Learn more about this title's writer and director in as we put Mike Leigh In the Director's Chair...
Spall's cabbie is too gentle and thoughtful to be described as a slob, but his lack of even the most basic ambition and stoic non-resistance to life has created an unspoken rift between him and wife Penny (Lesley Manville). Working on a supermarket checkout, she must cook dinner and fend off insults from her fat, frustrated, obnoxious 18-year-old son Rory. She receives only passive sympathy from her older daughter Rachel. Only when Rory is taken ill is Phil snapped out of his torpor as the family pull together.
A host of minor characters also feature; fatuous cabbie Ron (Paul Jesson) his alcoholic wife and sluttish daughter, as well as the wonderfully good-humoured and resilient Maureen, Penny's best friend, concerned at her daughter's relationship with a violent boyfriend. Once accused of caricaturing his "lower class" characters, here Leigh (with the collaborative assistance of his actors) exhibits them in all their authentic complexity, neither idealising nor sentimentalising them.
On the DVD: All or Nothing's extras include the original trailer, as well as interviews with several members of the cast. Timothy Spall is interesting on the unnerving process of collaboration favoured by Leigh, whereby characters are "built from zero" by the actors. The smart and rather posh Lesley Manville strikes quite a contrast in real life with her mousey, put-upon character. There's also a meticulous and absorbing commentary from Mike Leigh, who talks about filming in Greenwich and how he has moved away from some of the more dogmatic ideas about filmmaking of his earlier, avant-garde days. --David Stubbs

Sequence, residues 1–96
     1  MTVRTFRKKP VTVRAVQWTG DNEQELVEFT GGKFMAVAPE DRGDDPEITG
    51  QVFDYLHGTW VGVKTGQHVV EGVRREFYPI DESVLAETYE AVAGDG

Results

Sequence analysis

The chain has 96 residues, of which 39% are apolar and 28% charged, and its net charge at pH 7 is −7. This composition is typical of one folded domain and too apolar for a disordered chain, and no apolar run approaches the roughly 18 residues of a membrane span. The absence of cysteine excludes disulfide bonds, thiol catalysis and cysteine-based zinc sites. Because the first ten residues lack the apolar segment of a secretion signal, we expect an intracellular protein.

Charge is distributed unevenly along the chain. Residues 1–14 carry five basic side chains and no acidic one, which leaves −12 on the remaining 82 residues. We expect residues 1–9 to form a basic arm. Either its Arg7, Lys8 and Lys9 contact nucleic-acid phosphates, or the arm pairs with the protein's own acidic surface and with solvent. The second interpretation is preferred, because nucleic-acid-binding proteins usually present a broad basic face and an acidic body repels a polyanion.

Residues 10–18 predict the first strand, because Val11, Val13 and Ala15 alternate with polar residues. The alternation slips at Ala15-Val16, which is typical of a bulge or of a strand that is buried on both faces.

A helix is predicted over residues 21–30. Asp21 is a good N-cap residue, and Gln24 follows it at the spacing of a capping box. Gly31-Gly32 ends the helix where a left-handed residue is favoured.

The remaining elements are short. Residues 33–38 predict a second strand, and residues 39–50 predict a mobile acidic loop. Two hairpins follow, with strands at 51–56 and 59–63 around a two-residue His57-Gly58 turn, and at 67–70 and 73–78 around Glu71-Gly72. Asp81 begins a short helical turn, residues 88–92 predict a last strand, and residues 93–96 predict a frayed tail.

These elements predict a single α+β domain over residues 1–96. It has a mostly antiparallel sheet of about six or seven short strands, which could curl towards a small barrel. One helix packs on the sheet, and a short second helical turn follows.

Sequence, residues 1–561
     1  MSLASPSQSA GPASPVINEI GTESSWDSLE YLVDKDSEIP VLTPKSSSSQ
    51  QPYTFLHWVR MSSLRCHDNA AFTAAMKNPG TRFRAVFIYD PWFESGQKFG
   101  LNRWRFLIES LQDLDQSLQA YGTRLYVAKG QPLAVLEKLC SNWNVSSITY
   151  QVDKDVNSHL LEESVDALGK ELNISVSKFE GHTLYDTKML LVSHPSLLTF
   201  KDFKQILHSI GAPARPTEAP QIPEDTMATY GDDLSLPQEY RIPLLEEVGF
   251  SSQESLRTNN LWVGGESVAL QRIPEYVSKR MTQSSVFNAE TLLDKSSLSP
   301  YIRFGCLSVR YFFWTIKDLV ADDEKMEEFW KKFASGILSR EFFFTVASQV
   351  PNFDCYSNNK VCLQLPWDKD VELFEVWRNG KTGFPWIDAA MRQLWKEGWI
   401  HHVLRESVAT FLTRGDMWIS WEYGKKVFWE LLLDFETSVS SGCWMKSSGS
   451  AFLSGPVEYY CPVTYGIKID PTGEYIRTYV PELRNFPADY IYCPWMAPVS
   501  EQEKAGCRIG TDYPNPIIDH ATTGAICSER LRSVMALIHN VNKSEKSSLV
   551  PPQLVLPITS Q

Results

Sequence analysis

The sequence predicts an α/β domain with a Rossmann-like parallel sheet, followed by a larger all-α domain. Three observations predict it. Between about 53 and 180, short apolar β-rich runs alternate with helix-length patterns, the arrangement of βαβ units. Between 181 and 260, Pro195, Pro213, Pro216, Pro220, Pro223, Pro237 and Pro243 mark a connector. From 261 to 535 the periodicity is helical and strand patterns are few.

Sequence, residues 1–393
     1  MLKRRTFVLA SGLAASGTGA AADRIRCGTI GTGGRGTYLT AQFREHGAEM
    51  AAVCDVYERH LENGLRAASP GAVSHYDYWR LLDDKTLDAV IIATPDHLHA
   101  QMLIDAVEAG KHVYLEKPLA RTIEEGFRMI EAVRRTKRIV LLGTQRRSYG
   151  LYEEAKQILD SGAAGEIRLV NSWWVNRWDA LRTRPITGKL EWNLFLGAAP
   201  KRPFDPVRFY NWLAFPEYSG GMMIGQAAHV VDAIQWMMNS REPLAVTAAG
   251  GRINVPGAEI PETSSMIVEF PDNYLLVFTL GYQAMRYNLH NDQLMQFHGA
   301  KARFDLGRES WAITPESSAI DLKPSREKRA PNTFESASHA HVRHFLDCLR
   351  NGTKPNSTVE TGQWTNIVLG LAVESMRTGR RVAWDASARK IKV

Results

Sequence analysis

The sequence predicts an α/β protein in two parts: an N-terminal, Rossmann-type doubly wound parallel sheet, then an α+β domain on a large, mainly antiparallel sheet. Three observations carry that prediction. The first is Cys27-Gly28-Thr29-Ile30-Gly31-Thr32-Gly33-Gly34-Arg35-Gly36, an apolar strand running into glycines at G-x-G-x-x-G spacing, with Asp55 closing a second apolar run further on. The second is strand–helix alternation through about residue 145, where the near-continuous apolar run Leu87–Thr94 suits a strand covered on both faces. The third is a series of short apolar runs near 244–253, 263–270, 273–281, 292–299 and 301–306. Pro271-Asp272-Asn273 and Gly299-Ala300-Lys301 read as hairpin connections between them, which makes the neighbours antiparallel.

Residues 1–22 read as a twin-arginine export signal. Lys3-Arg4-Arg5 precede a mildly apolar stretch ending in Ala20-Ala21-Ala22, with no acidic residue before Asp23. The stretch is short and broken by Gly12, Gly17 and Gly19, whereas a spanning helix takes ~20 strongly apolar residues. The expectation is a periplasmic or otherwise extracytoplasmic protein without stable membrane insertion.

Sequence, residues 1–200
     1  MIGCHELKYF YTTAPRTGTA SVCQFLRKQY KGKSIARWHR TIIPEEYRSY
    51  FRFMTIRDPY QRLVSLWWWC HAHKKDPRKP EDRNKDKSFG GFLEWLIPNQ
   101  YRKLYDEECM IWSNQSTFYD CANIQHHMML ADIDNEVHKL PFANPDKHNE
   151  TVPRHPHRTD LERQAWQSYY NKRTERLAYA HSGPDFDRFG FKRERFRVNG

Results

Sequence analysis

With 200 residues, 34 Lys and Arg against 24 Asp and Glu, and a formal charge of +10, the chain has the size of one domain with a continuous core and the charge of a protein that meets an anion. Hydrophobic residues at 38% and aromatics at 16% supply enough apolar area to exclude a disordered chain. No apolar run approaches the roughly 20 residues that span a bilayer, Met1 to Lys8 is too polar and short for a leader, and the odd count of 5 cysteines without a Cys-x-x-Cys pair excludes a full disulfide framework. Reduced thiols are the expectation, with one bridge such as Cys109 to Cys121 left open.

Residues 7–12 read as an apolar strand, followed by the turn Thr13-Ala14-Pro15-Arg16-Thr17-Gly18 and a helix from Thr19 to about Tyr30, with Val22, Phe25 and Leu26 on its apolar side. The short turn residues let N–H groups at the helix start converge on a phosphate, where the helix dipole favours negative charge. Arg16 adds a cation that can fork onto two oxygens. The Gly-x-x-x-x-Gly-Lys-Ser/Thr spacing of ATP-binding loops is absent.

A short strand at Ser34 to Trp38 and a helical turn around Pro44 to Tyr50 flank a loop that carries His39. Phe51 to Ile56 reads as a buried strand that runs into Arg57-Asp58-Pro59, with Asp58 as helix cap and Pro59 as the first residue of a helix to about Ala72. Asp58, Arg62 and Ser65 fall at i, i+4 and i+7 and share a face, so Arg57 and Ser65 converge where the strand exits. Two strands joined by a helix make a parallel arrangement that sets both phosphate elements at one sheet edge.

This is not Saturday night at the movies stuff, but what do you expect from Mike Leigh? Instead, this is a brilliant and moving character study, with absolutely first class acting throughout, especially from the two lead characters played by Timothy Spall and Lesley Manville. The look (and sound) of the film is fittingly sober, plain and sensitive. The story plays out in a run-down estate in South East London (Greenwich apparently), but could be set anywhere really.
The excellent commentary from Mike Leigh himself is a real treat, and is worthy of a listen, especially if you're interested in the art of filmmaking. Leigh (as usual) takes great delight and obvious pride in describing various aspects about the movie, from the outstanding cast, to the variety of other talented people who put this film together.
I can't see myself watching this film too many times, as like I say, it's not exactly a feel-good movie. Building up slowly, and finishing relatively abruptly, this movie takes a bit of patience and is pretty emotionally draining to watch as well. But it is worth a repeat viewing or two simply to revel in the brilliance of the acting talent on show here. There are very few laughs in this movie... it even makes 'Secrets and Lies' look like a laugh-riot in comparison, but ultimately this film has hope and reconcilliation as it's take home messages, and as such is a fairly uplifting film despite being desperately sad in places.
This film may not impress the Jonathon Ross's of this world, but it sure as hell impressed me (and the judges at the Cannes Film Festival who nominated it for the Palme D'Or in 2002)... but don't take my word for it (or Jonathon Ross's).. watch, learn, and be moved.
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